Treasury Says Bank Lending Declined in February
Bank lending to consumers and businesses for many types of loans fell in February despite the billions of dollars in government support the banks received.
The Treasury Department said Wednesday its latest monthly survey of lending activities at the nation's biggest banks showed nine reported increases and 12 posted declines. The median, or midpoint, for lending activity dipped 2.2 percent in February.
While the median level of activity in mortgage lending rose 35.4 percent and home equity lines of credit grew 17.7 percent, lending to businesses for commercial and industrial loans plunged 47 percent.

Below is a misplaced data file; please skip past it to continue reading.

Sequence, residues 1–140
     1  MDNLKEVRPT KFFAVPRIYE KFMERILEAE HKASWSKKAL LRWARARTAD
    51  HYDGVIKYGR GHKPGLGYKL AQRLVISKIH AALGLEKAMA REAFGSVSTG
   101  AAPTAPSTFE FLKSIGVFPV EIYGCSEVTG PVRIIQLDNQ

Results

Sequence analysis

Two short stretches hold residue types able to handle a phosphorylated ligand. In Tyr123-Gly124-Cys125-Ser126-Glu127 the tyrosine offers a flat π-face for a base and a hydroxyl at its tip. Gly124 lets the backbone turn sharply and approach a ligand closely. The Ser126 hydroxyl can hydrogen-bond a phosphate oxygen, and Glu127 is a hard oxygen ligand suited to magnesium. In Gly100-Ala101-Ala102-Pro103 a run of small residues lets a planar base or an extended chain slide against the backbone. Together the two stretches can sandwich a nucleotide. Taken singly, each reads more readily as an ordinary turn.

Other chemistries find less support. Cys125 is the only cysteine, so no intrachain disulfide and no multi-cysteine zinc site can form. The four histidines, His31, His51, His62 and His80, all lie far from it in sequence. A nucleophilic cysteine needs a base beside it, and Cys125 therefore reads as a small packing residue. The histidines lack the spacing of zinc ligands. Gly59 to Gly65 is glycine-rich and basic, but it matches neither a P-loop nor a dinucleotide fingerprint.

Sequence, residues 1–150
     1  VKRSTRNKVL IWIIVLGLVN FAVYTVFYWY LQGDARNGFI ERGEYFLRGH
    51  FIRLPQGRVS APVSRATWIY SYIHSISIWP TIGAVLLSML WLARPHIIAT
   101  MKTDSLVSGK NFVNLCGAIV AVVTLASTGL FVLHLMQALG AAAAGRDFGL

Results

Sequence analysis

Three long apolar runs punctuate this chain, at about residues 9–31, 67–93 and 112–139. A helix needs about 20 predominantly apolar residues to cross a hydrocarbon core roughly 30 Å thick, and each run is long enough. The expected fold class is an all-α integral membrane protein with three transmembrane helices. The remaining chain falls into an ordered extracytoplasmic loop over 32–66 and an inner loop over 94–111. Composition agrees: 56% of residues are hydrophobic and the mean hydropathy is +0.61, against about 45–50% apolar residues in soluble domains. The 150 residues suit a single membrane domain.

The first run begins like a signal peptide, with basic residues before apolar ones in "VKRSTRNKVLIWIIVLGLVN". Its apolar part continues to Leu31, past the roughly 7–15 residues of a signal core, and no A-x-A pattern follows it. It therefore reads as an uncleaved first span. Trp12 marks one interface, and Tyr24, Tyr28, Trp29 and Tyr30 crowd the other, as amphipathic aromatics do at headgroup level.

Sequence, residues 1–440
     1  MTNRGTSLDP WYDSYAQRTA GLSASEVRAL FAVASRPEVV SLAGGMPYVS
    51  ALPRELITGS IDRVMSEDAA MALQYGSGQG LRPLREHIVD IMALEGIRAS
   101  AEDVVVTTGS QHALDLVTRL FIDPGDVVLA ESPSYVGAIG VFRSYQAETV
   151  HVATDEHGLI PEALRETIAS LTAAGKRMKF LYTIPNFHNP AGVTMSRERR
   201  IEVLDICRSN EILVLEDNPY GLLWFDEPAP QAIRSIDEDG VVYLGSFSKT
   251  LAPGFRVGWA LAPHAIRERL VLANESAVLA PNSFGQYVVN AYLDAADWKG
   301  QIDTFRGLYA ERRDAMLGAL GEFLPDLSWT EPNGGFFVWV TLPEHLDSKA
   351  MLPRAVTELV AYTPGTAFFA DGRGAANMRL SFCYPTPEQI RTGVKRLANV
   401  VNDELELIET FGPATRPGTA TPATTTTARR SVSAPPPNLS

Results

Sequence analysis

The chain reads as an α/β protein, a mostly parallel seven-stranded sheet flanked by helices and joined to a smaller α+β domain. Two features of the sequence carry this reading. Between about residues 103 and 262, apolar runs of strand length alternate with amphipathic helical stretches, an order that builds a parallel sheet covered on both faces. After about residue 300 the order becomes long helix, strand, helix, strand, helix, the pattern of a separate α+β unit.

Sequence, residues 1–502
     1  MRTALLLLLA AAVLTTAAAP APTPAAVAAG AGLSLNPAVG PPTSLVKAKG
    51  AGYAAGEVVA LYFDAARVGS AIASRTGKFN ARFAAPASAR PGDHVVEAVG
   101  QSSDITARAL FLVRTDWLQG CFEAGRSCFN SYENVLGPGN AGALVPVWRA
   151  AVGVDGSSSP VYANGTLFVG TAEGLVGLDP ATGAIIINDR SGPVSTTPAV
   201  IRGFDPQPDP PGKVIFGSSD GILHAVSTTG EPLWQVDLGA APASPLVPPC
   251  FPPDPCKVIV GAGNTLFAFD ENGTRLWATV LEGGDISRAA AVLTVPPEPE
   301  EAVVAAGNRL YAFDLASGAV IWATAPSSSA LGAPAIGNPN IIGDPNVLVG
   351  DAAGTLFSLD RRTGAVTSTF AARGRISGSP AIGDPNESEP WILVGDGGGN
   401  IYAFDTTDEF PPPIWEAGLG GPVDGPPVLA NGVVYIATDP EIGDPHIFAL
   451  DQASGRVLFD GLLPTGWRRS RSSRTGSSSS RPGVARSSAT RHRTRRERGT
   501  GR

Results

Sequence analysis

"Against a difficult economic backdrop, banks extended approximately the same level of loan originations in February as January," the Treasury report said. "The relatively steady overall lending levels observed in February likely would have been lower absent the capital provided by Treasury."
The findings on loan levels were based on reports filed by the top 21 recipients of rescue money from the government's $700 billion bailout fund.
Critics of the rescue effort have complained the government has not done enough to ensure that the money banks receive is being used for its intended purposes—to resume more normal lending to businesses and consumers.